Publication: Tobias Bruegmann, Tobias van Bremen, Christoph C. Vogt, Thorsten Send, Bernd K. Fleischmann & Philipp Sasse: Optogenetic control of contractile function in skeletal muscle; Nature Communications, date, DOI: 10.1038/ncomms8153
Dr. Philipp Sasse
Institut für Physiologie I, Universität Bonn
Dr. Tobias Bruegmann
Institut für Physiologie I, Universität Bonn
Dr. Tobias van Bremen
Klinik und Poliklinik für Hals-Nasen-Ohrenheilkunde/Chirurgie
Johannes Seiler | idw - Informationsdienst Wissenschaft
NIH scientists describe potential antibody treatment for multidrug-resistant K. pneumoniae
14.03.2018 | NIH/National Institute of Allergy and Infectious Diseases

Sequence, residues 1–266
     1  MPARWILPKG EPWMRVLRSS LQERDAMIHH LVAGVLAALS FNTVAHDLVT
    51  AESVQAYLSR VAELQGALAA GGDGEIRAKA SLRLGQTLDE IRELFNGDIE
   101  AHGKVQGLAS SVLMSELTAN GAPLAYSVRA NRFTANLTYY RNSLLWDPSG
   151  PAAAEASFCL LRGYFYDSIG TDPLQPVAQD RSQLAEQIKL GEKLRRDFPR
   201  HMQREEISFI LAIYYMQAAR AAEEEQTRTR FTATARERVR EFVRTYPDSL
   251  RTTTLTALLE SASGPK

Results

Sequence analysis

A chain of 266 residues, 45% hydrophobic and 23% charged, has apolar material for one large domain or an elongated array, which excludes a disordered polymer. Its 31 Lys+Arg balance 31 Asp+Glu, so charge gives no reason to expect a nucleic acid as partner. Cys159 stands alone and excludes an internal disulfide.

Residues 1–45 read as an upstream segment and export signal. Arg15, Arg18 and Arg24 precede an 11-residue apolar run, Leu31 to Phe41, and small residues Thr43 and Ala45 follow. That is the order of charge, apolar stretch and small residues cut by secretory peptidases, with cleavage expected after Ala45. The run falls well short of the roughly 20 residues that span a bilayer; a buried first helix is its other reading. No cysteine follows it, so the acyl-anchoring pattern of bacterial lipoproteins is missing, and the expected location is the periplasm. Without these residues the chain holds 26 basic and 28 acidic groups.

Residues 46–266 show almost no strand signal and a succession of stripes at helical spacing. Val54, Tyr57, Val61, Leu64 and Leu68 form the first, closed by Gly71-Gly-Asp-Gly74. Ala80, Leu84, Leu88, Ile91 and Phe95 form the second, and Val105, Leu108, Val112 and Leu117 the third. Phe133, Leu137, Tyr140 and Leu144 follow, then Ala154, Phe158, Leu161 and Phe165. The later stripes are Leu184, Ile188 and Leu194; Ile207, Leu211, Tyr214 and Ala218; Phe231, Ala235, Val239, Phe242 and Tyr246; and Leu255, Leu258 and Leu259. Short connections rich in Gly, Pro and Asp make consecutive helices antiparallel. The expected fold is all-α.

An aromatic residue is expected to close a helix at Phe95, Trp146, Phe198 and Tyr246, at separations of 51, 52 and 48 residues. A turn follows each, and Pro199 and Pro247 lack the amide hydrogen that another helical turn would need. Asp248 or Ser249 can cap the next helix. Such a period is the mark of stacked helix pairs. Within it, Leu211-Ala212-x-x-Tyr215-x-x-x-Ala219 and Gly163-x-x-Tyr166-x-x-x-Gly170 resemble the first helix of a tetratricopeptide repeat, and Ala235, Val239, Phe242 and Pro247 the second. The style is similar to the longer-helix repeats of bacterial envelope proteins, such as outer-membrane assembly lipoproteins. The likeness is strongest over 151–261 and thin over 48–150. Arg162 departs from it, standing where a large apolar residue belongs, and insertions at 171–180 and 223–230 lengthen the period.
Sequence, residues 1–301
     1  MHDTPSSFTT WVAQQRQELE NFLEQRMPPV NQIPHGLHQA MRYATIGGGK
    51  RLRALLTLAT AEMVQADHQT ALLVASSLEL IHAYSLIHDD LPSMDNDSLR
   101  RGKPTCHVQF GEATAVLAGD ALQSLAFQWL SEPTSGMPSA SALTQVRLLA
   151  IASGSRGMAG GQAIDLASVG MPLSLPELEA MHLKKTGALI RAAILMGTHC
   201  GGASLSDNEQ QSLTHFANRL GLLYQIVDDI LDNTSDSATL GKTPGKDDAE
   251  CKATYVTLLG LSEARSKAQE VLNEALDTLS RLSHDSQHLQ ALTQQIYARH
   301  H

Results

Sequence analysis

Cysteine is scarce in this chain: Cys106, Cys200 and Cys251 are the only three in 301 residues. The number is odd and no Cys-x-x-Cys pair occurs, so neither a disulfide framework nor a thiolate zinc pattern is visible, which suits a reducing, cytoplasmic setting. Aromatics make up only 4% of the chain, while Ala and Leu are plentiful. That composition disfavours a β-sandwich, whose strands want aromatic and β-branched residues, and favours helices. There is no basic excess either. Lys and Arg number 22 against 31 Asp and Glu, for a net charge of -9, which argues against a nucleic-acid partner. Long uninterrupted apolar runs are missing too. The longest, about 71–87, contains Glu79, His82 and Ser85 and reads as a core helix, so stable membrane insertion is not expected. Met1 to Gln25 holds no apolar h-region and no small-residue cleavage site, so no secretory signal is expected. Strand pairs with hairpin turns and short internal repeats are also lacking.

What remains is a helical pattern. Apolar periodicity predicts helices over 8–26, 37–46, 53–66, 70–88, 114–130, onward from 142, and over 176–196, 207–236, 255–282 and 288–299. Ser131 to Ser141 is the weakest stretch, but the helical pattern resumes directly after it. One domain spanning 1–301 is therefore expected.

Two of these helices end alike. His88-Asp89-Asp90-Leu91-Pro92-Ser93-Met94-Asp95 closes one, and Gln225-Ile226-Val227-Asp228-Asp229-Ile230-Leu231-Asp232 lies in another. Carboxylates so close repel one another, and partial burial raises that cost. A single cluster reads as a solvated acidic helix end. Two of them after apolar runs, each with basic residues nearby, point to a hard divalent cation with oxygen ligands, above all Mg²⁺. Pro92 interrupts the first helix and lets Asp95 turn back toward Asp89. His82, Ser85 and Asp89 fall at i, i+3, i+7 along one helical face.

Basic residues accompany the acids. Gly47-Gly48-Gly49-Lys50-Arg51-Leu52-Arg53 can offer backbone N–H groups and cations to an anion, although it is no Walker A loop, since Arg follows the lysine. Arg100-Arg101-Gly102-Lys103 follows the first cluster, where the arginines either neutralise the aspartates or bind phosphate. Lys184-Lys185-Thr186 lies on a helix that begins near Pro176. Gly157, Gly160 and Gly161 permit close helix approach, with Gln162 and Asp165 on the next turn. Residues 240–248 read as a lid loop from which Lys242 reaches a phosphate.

Researchers identify key step in viral replication
13.03.2018 | University of Pittsburgh Schools of the Health Sciences
In just a few weeks from now, the Chinese space station Tiangong-1 will re-enter the Earth's atmosphere where it will to a large extent burn up. It is possible that some debris will reach the Earth's surface. Tiangong-1 is orbiting the Earth uncontrolled at a speed of approx. 29,000 km/h.Currently the prognosis relating to the time of impact currently lies within a window of several days. The scientists at Fraunhofer FHR have already been monitoring Tiangong-1 for a number of weeks with their TIRA system, one of the most powerful space observation radars in the world, with a view to supporting the German Space Situational Awareness Center and the ESA with their re-entry forecasts.
Following the loss of radio contact with Tiangong-1 in 2016 and due to the low orbital height, it is now inevitable that the Chinese space station will...